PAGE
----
Sunday, July 31, 2011



I’m firmly convinced that ESP exists.  I’m not altogether positive that human beings have this esoteric power, but I would be willing to swear that machines have it.  Otherwise, how would they know when the warranty was up so that they could have a nervous breakdown?
This week I awoke to the sounds of our refrigerator gasping as if it had just jogged ten miles up hill with a full freezer.  When the repairman arrived and told me what was wrong, I told him to go ahead and fix it.  He reminded me that I would have to pay cash as they didn’t extend credit. “No sweat,” I replied and handed him the warranty.  He had difficulty holding back the smirk as he handed me a bill for $375.00 along with the warranty that had expired the day before.
Two days later our washing machine tried to duplicate the deluge in our laundry room.  If there is a water shortage this summer, I’m afraid that I will have to take responsibility.  Since we got our refrigerator and the washer at the same store, we were unfortunate enough to get the same repairman as before.  As he sloshed through the garage and into the laundry room, I told him how glad I was that I had taken the extended warranty offered on the washing machine.  “Hmmmm,” was all he said.  Later I was stunned when he gave me a bill for $235.92.
“Extended warranty is only good for the motor,” he grinned, “You lost the pump.  Ain’t that funny?”
I’d have hit him, but I learned early in life that when you’re my size and a 6’5”, 300 pound person makes a joke – no matter how feeble – you at least smile.
After he left I went to my file cabinet and pulled out the WARRANTIES file.  Since it hasn’t been cleaned out for nine or ten years, it provided a glut of information about when we had purchased appliances and the length of time they were under warranty.  When I compared this to checks to repair shops, a pattern began to evolve.
The computer chipped out one week after the warranty; the printer printed its last three days after expiration and the plasma television managed to hang on for nearly a month after the guarantee lapsed before it blacked out.  The microwave nuked itself three weeks after the warranty  and the dishwasher wiped out six weeks after any chance of financial aid from its manufacturer.  I don’t think that American industry is clever enough to have planned obsolescence this well programmed.  I do think it’s the machines’ way of getting back at us for making them do all of our work.
One major exception to this is my car.  The warranty expired a year ago and the car continued to operate just fine.  My last payment was yesterday and today, on my way home from the grocery store, the transmission fell out.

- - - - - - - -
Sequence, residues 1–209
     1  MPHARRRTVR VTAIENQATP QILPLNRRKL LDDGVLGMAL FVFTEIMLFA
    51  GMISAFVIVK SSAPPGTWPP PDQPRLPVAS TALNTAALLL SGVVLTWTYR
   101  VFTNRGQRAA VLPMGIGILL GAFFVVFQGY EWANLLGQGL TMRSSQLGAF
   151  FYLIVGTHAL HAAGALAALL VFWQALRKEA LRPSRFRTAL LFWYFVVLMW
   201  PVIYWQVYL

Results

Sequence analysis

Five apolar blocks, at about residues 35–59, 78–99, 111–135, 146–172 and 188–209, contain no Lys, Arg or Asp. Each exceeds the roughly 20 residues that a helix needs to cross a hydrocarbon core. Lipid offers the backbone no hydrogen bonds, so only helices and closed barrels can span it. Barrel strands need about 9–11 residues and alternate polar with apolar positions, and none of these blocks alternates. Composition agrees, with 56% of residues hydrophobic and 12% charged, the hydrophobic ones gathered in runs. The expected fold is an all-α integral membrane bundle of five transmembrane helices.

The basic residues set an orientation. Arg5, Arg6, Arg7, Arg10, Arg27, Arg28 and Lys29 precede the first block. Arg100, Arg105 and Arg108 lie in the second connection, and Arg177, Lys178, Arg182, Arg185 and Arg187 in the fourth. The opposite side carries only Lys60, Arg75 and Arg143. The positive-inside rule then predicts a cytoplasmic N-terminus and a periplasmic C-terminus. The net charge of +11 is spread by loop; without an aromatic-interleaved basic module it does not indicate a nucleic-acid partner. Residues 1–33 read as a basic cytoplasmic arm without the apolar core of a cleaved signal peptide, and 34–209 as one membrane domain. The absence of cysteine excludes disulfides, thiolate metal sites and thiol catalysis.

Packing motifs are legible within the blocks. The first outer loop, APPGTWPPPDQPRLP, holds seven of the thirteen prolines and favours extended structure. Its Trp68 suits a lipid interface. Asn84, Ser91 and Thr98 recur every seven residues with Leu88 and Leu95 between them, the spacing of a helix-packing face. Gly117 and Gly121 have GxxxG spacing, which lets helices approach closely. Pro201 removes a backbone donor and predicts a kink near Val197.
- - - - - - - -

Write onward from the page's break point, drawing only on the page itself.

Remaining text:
1 comment:

  1. LOL!! I'm sorry, I know it's not proper to laugh at the misfortunes of others but in many ways I think we're all in the same boat.

    Can totally relate to the car story indirectly. My older brother had paid off his car and like everyone it was a weight off his shoulders. I was at his place for a weekend getaway and we had stopped at the gas station. He was done and was about to pull out, when a 16 year old kid in a brand new BMW reversed at high speed and rammed into the side of his car. Needless to say he was shaken up and once it had all sunk in he got pissed! In the hour that had passed where the police reports were filled out, tow trucks called etc etc, we started joking about how the final payment always spells doom on any item. I think maybe that's why my wife and I have started leasing instead of buying cars. We get to drive a new car every three years and the payments are lower than if we would've bought it right out. Plus since there's no last payment per say, things will never break down. Well, that's the theory anyway.

    I do like the story about the repairman. They are "unique" in their ways and I'm sure he was glad he was dealing with people as sweet natured as yourselves. The majority of people would have probably not held back in popping him one LOL!

    I agree about the American industry not being smart enough to plan all this timely destruction. I do however believe the companies that sell these items know enough to give us just the right amount of a useless warranties.

    Our water heater crapped out after many, many years of joyous use. I called up a company to come change it out and made sure they put in the model we had before since it lasted almost a decade. Once the work was all completed and I got the breakdown and warranty information, I started to laugh myself. It was nothing surprising, just the fact that a heater that lasts close to 12 years has a 6 year warranty. Unless someone takes a hammer to it, it's a certainty that it'll last just as long as the last one did and the one before that.

    It's just the way things are I guess. In the spice of life, Warranties are definitely a double sprinkle of aggravation!